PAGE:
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« Reply #25 on: March 27, 2011, 12:02:14 PM »

Hi,

A lot of times ethnicity works due to jurisdiction issues. 

ie - Greek Orthodox, Russian Orthodox, Serbian Orthodox, Georgian Orthodox, etc.

Many of the jurisdictions kind of tend to "lean" towards the culture.  However, they are in communion with one another (usually but off topic).

So while "Greeks" may practice the Greek cultures more in their church, they'll see the Russian Orthodox just as they see themselves - as Orthodox Christians.

But I have seen people directly walk out of church service to start prepping meals, festivities, and activities that were culture backed.   I do believe it can become a distraction of worship and create a redirect of the point of being at church sometimes. 
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« Reply #26 on: March 27, 2011, 09:34:03 PM »

I have no desire to create my own traditions.

Surely not every tradition or custom that Orthodox follow came down straight from the apostles. Cannot the Church baptize customs and traditions over time, while allowing old customs and traditions to fall into disuse when their time is up? Cheer up, take heart, don't worry, be happy Smiley
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« Reply #27 on: March 27, 2011, 10:39:22 PM »

Maybe listening to Archbishop Demetrius and President Obama celebrate the day will help http://www.youtube.com/watch?v=qcyp7Dud3cM. In essence, the day is seen as God's hand giving justice on Earth as you may have read about over and over again in the Old Testament.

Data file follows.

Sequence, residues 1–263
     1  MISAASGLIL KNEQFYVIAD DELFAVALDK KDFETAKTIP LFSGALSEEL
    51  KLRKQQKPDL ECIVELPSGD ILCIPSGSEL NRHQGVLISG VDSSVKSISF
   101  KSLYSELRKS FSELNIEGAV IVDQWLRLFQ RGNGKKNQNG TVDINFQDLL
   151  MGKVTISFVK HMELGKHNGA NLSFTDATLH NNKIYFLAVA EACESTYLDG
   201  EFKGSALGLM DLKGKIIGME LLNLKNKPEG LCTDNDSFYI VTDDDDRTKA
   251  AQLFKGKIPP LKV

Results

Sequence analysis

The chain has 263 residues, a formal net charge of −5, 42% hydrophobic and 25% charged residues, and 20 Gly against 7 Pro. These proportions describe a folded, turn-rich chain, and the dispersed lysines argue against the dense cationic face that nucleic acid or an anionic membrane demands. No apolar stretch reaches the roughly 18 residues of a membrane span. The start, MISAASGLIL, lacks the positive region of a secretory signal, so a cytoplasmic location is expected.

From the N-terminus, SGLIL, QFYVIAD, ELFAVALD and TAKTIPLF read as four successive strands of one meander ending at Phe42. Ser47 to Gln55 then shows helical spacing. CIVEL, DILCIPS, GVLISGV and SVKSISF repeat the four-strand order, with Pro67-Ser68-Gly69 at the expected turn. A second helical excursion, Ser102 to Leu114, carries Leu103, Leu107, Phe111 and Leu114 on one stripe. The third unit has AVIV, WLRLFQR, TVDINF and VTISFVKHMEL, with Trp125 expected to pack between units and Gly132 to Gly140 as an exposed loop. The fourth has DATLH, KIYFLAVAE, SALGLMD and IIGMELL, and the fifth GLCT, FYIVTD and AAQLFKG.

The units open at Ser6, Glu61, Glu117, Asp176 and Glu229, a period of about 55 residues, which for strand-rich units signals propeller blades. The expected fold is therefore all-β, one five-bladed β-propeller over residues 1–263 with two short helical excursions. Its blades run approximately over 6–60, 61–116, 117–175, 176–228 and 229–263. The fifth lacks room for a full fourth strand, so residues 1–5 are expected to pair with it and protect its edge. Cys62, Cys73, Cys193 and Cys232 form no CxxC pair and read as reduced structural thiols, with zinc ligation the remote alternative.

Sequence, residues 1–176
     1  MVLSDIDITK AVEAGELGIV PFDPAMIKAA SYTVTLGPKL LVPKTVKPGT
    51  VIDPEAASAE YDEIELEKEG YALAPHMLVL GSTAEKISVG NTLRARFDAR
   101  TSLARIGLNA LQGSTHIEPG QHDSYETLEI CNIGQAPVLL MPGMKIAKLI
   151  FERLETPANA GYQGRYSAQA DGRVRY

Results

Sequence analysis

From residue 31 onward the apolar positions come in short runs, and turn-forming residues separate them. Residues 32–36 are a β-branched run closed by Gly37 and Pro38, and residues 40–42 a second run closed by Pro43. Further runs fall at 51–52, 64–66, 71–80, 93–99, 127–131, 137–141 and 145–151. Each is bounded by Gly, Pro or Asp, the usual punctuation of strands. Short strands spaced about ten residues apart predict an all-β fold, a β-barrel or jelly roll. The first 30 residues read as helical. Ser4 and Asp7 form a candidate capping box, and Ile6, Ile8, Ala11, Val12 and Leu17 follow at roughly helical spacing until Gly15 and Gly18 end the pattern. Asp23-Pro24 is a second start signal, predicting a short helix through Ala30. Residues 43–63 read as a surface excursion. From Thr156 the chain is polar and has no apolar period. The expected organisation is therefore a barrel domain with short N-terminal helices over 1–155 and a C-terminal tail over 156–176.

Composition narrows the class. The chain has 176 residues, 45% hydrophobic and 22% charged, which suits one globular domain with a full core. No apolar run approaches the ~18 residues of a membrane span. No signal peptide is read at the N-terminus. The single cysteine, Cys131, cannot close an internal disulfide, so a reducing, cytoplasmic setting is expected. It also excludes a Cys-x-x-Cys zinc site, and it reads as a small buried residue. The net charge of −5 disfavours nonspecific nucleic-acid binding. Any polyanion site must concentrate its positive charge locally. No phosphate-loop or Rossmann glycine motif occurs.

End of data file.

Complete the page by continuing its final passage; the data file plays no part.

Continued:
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« Reply #28 on: March 27, 2011, 11:24:28 PM »

When I attended St. Nicholas ACROD in NYC a couple weeks ago, they sang "God Bless America" while an usher held aloft an American flag...in the nave...after Divine Liturgy.  It struck me as odd and a bit nationalistic, but I know and understand those are my hang-ups and the very good people whose church I was visiting had no problem with it, including the new priest.  As a visitor, and as a relatively new Orthodox Christian, it is not my place, my job, nor, frankly, my business to tell anyone how to run their church, particularly when the "important" part (eg DL) was all well and good.

God will not be mocked and, frankly, he doesn't need you or me to go around and tell people how wrong they are. 

If the Church needs anything from its new members, it's some old fashioned humility.
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« Reply #29 on: March 28, 2011, 09:49:52 AM »

When I attended St. Nicholas ACROD in NYC a couple weeks ago, they sang "God Bless America" while an usher held aloft an American flag...in the nave...after Divine Liturgy.  It struck me as odd and a bit nationalistic, but I know and understand those are my hang-ups and the very good people whose church I was visiting had no problem with it, including the new priest.  As a visitor, and as a relatively new Orthodox Christian, it is not my place, my job, nor, frankly, my business to tell anyone how to run their church, particularly when the "important" part (eg DL) was all well and good.

God will not be mocked and, frankly, he doesn't need you or me to go around and tell people how wrong they are. 

If the Church needs anything from its new members, it's some old fashioned humility.

It certainly differs from parish to parish, we are in ACROD and we don't do that. I do recall that we sang God Bless America the Sunday after 9/11.

Keep in mind that the church Schultz referred to is on the lower East Side of Manhattan not far from Ground Zero and several of the police officers from the nearby precinct (which has a long cooperative history with the parish and her pastors over the decades - the late Metropolitan Nicholas was their chaplain while he was pastor in the 1970's) and firefighters from the Station House were killed during 9/11.
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« Reply #30 on: March 28, 2011, 10:21:26 AM »

Yes I would find that highly inappropriate for the choir of the church to sing "God Bless America".